Although awareness is growing of the importance of employee mental health and the value of inclusive work practices, less is known about how to support employees with mental illness (MI). We aimed to explore organizational strategies and work practices that promote retention and support of employees living with MI in relation to past theory-driven research by building and extending current theory.
We adopted a qualitative case-study approach focussed on organizations that have taken steps towards promoting workplace inclusion for employees with MI. Five diverse Canadian organizations were recruited based on their efforts to build psychologically safe and healthy workplaces, and actively support employees with MI. Data collection in each organization consisted of onsite observation and interviews with workplace stakeholders, including employees with MI, their co-workers, supervisors/managers and human resource professionals. Thirty interviews were conducted from across the five organizations. Data analysis was informed by interpretive description to identify challenges and opportunities.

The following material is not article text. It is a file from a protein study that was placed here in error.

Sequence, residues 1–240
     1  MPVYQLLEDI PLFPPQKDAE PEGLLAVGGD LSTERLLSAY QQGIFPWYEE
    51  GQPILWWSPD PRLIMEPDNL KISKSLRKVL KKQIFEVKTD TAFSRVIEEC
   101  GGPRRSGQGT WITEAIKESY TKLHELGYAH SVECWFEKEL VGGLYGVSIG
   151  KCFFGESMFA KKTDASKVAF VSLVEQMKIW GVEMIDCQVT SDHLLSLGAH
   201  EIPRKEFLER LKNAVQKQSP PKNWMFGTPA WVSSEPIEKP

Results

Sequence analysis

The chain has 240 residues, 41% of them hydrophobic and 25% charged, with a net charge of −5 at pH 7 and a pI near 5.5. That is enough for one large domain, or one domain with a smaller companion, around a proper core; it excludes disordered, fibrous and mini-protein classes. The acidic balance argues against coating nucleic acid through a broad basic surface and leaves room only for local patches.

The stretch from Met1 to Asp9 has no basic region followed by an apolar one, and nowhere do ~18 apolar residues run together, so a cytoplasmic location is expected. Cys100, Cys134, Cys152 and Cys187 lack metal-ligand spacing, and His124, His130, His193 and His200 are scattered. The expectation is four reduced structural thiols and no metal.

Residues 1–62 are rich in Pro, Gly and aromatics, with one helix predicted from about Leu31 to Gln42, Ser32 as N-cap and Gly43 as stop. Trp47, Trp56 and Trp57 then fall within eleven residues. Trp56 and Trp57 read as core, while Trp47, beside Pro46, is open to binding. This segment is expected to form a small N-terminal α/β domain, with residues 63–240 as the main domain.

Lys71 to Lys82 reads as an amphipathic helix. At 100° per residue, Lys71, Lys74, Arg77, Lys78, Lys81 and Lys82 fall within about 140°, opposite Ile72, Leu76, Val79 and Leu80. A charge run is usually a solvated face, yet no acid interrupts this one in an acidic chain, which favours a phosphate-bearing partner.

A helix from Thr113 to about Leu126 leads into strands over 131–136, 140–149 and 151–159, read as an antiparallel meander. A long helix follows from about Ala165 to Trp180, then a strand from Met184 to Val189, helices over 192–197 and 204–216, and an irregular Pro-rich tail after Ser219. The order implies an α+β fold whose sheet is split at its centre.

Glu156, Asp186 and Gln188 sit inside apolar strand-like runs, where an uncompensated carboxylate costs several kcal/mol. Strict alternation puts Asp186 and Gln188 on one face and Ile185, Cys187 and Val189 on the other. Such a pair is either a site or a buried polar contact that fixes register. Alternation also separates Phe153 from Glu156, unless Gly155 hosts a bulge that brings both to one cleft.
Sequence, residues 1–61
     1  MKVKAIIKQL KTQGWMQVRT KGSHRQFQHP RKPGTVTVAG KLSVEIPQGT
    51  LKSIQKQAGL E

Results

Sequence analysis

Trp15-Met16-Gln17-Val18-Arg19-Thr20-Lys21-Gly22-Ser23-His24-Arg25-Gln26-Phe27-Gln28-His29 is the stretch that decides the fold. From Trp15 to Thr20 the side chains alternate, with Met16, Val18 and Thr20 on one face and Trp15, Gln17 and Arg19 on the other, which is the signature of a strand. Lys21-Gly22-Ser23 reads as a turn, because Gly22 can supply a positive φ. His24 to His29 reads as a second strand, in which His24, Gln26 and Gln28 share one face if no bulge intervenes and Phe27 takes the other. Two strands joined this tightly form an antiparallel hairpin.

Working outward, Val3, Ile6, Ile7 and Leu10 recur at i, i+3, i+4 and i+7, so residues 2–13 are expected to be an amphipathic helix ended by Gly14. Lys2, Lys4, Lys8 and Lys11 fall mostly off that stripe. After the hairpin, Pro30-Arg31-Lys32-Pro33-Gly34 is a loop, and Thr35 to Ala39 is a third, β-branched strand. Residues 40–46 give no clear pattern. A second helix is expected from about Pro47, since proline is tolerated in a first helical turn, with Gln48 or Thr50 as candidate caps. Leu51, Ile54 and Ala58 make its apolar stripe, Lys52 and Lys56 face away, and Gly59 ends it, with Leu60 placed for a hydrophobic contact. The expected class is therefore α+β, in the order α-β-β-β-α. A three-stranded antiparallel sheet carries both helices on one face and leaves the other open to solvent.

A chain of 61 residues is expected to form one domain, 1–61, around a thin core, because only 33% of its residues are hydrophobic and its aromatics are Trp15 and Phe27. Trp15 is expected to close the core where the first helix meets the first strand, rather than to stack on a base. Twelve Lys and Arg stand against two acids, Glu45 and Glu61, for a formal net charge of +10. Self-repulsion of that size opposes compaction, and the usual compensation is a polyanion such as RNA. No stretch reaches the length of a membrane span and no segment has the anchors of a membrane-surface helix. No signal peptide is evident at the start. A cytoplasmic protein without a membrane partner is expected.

Two key themes were noted in depictions of supportive workplaces: (1) relationship-focussed workplaces and (2) flexible, inclusive work practices.
These practices highlight how organizations support employees with MI. Despite our focus on organizations working towards inclusion, the stigma associated with MI and the rigidity of some workplace processes continue to limit support and retention. Our findings suggest that organizations should focus on communication processes, support mechanisms, how they reinforce flexibility, inclusion and oversight of employees with MI.